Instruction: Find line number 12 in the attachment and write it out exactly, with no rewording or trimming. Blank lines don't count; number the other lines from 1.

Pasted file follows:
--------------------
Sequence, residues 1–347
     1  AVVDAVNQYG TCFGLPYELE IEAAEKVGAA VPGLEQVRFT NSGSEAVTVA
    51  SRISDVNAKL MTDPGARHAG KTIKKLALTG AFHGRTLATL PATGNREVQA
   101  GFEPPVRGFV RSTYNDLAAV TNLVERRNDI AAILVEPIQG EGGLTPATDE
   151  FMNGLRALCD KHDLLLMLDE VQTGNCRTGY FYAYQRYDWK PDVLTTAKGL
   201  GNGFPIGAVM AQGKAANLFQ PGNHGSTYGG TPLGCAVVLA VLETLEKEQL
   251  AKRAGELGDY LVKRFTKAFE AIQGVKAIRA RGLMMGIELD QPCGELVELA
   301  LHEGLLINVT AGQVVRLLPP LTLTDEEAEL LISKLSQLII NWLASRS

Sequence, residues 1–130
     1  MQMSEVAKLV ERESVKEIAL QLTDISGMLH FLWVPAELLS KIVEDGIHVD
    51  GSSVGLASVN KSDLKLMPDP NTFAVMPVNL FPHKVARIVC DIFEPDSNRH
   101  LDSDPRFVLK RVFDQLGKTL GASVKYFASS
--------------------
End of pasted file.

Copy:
   101  LDSDPRFVLK RVFDQLGKTL GASVKYFASS